Automation: The automation revolution rolls on
Look around and you'll see unprecedented investments in automation
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If you didn’t see it, Tuesday’s Wall Street Journal included must reading for anyone in the materials handling business, or for our customers in manufacturing, warehousing and distribution.
Man vs. Machine, a Jobless Recovery, tells a story that is familiar to readers of Modern – the tremendous improvements that can be realized with automated equipment, such as robotics, and industrial software.
One of the companies highlighted is Sunny Delight Beverage, which is making great strides in productivity and competitiveness with automation. Sunny Delight is spending $70 million to upgrade five U.S. juice factories. Much of the automation is centered on filling lines. But next year, the Journal points out, the beverage maker is replacing its fleet of lift trucks and drivers with automatic guided vehicles. The result, the Journal writes, is that the company will operate one of its main facilities with 30% fewer workers.
It also points out that Stihl is using robots to manufacture chain saws in a Virginia Beach plant that requires just seven workers per shift to keep the operation running. A planned $10 million investment, the Journal adds, will allow the plant to double its output while adding just six more workers.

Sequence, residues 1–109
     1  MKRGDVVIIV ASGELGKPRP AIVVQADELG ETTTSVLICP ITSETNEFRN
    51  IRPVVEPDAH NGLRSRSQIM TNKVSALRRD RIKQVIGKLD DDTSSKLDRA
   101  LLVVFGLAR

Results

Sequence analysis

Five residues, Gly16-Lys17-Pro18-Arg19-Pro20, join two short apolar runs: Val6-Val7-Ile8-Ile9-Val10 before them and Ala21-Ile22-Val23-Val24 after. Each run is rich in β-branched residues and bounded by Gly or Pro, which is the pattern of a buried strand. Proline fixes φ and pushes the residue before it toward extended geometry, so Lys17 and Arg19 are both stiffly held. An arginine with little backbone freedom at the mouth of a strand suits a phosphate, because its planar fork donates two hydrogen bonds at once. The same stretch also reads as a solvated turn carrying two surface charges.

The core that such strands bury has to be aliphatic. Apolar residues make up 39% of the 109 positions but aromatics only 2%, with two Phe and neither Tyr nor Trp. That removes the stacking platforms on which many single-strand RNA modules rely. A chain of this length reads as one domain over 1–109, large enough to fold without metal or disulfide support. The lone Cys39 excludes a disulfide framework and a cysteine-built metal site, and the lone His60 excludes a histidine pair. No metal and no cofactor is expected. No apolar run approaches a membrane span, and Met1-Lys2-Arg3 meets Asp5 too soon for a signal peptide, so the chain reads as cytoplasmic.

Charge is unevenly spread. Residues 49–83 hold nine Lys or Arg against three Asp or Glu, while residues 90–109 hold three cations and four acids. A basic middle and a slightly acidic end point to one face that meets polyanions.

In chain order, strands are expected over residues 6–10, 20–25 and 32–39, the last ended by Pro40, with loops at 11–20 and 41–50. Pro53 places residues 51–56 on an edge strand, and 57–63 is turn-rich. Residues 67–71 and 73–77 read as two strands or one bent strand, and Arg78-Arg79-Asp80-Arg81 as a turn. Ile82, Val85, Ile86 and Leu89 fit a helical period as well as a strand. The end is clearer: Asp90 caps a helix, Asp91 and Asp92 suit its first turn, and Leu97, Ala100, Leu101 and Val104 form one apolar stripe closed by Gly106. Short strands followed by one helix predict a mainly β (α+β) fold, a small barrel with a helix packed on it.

We are seeing similar achievements in productivity and throughput at the facilities we highlight each month in Modern. Last month, for instance, we described how Skechers (/article/skechers_tones_up_distribution_center/ ) is operating a new 1.8 million sq ft automated with just 300 employees – 500 at peak – compared to about 1,200 in its old model. Next month, we’ll feature Preferred Freezer Services, a New Jersey 3PL that recently went live with a highly-automated DC that operates 24 hours a day with just 30 associates.
Some see automation as a factor, maybe even a culprit, in the jobless recovery. There’s no question that automated equipment and software systems have made all of us more productive in our jobs. That is allowing companies to do more with less. But it’s also making the companies we work for stronger. In the long run, I believe that the automation revolution we appear to be experiencing now is the key to industries that can compete anywhere in the globe.
About the AuthorBob Trebilcock Bob Trebilcock, editorial director, has covered materials handling, technology, logistics and supply chain topics for nearly 30 years. In addition to Supply Chain Management Review, he is also Executive Editor of Modern Materials Handling. A graduate of Bowling Green State University, Trebilcock lives in Keene, NH. He can be reached at 603-357-0484.
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